Sounds & Sensibilities: Jag Changa Music review

Sounds & Sensibilities: Jag Changa Music review

Composer: Raghu Dixit Lyricists: Shishunala Sharif,Ankur Tewari,Madan Karky Rating: 3-1/2 stars

Numerous concerts,similar kind of folk fusion and many line-up changes later,we wondered if Raghu Dixit was becoming monotonous. But with his latest— Jag Changa — Dixit turns the theory on its head,in turn giving us an absolute stunner. A phrase in Punjabi,which means the world is all good,this one is exactly the feel good album one’s been waiting for from the indie pop side of life for years. Dixit’s full throated voice stands out in texture,has chutzpah and is infused with lots of charm. As for the album,it makes one enter a world where one does not find only music,but a cackle of laughter,something that lacks even in class acts of today. Everybody seems happy here and are not limited by genres. The happiness goes beyond folk fusion to give us a musical balance on the larger spectrum of genres.

Parsivana,a stunner,begins with some uplifting drums,which continue throughout the song. A fantastic opener,the track has all the elements of a commercial hit,yet it’s extremely warm and heartfelt. We did not understand the words (it’s in Kannada) but it took us only seconds to sway to its groovy hook. The shehnai interludes are an interesting touch. Then comes Rain song,easily the best track from 2013. And there isn’t any exaggeration in that. Like most rain songs,the track does not use Malhar ragas as base,which is extremely refreshing. Based on Mishra Tilang with touches of Jog,the poignant strains from Soumik Datta’s sarod are outstanding. The rapid strumming towards the later part of the track make Datta sound like a cross between a classical musician and a steel guitarist. The deep,introspective glides reach the most obscure corners of the heart. The title song is another interesting track with an addictive chorus paired with the sounds of khartaal,banjo and violin and Dixit’s acoustic guitar. Yaadon ki kyari has a lovely accordion prelude followed by the warmth of lyrics that go Chhupa chupi akhiyaan khelo na,gunguni dubki le lo na..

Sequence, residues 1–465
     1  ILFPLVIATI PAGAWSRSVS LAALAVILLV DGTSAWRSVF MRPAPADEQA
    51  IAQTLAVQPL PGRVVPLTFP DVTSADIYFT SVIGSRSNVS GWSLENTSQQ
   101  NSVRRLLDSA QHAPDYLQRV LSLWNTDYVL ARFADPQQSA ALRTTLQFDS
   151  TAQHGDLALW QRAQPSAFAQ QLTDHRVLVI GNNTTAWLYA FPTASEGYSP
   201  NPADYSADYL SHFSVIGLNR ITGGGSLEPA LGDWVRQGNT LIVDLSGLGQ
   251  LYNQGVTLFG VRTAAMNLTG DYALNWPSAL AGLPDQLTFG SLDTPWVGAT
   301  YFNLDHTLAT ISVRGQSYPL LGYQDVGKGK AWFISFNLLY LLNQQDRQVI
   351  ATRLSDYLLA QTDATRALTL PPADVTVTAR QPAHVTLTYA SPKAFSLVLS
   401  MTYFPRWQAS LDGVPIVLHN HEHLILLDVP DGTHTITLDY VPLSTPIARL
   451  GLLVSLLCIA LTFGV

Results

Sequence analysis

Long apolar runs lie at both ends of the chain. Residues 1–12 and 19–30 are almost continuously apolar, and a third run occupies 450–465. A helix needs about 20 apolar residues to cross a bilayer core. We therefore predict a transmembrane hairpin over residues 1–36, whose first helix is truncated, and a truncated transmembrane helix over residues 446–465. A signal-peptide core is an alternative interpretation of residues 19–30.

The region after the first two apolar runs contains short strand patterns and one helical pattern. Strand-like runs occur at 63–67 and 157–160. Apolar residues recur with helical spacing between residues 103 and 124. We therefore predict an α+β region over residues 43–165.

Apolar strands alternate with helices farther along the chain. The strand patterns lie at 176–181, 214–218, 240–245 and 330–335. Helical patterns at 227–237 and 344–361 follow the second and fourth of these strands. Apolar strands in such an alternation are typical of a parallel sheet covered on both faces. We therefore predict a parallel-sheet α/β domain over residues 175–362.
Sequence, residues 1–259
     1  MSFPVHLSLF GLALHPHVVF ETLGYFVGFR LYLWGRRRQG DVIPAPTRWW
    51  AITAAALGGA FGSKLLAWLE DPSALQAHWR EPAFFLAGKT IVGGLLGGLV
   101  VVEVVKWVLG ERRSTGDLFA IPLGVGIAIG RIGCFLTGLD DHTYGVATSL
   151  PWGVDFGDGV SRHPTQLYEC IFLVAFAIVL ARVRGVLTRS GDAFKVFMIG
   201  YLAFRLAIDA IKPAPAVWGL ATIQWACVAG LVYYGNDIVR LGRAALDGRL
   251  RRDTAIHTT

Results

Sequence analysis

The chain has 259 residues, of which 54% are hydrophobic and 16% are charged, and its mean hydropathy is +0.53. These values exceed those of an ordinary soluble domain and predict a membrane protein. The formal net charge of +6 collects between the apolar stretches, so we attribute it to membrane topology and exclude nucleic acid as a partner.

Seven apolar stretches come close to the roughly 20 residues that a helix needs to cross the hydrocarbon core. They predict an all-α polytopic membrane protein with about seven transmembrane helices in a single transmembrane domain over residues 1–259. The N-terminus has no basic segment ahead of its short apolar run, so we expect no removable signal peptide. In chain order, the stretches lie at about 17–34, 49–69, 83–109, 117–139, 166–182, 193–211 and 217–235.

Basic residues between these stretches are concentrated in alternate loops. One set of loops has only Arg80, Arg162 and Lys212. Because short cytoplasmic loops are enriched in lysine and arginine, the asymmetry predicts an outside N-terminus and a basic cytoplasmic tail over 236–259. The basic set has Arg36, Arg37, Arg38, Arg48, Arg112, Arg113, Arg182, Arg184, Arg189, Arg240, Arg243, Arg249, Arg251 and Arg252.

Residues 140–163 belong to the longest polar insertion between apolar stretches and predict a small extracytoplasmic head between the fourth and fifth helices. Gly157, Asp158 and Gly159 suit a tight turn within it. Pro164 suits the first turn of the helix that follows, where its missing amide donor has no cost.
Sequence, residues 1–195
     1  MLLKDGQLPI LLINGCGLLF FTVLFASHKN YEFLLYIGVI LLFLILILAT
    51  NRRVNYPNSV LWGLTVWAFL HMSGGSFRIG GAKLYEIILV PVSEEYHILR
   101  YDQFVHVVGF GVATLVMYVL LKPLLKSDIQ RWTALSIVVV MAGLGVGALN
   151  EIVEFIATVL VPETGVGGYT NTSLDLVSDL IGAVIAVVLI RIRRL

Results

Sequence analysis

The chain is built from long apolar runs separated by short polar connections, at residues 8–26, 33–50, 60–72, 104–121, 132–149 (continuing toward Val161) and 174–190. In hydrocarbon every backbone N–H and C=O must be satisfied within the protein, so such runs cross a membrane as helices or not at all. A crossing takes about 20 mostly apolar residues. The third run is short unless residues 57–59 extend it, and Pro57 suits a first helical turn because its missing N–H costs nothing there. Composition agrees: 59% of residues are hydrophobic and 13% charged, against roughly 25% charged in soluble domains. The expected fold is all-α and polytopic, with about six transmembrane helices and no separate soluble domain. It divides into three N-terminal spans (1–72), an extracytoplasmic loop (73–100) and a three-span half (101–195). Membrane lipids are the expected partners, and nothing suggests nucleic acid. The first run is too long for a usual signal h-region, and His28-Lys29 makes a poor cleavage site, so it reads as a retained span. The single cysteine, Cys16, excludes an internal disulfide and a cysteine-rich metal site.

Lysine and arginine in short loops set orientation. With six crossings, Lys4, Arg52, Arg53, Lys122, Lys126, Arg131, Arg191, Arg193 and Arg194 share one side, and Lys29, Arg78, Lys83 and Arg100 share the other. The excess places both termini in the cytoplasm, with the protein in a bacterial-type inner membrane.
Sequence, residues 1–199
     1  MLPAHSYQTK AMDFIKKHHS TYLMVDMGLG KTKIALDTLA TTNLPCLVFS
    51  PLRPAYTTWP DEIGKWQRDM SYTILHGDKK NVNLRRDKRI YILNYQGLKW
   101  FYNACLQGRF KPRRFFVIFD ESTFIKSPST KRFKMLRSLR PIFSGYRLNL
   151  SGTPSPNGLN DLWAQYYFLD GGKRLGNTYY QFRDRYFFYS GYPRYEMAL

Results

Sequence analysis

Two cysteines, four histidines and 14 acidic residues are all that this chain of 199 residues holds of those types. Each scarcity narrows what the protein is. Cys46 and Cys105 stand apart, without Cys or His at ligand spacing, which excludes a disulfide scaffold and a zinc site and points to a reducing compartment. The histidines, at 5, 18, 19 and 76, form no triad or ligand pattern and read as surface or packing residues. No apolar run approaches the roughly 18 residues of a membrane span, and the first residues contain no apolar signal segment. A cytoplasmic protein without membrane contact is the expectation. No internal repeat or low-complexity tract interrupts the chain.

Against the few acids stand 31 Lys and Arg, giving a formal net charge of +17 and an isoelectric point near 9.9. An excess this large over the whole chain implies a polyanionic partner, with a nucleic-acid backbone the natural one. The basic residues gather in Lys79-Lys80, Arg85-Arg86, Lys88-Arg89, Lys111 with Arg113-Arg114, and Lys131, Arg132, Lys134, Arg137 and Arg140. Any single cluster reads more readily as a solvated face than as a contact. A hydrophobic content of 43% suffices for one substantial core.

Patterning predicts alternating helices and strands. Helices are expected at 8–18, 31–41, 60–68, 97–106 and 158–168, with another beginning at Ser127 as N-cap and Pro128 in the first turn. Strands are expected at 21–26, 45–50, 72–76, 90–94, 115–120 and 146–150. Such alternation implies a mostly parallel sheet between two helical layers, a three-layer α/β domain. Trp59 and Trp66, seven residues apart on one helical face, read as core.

Amma is an emotionally charged Kannada song dominated by heaving violins throughout. Sajna begins in a Rajasthani maand style with Sohail Khan’s sarangi prelude. Based on raag Des,the song owes its brilliance to soft tonal patterns and a flute. Lokada kalaji is the only weak link here. After listening to so much good,this ordinary melody,typical of Dixit’s enthusiasm though,does not work. The album concludes with Kodagana Koli ninguta,based on south Indian raag Vakulabharanam,full of heavy orchestration with violin as the highlight. This man’s candied voice modulations paint a whole new canvas for us. It’s the effortlessness in Dixit’s voice that takes one into another world — where life is fun. By the end of it,there is a strong urge to put this one on loop. We bow down to the heart’s will.

— Suanshu Khurana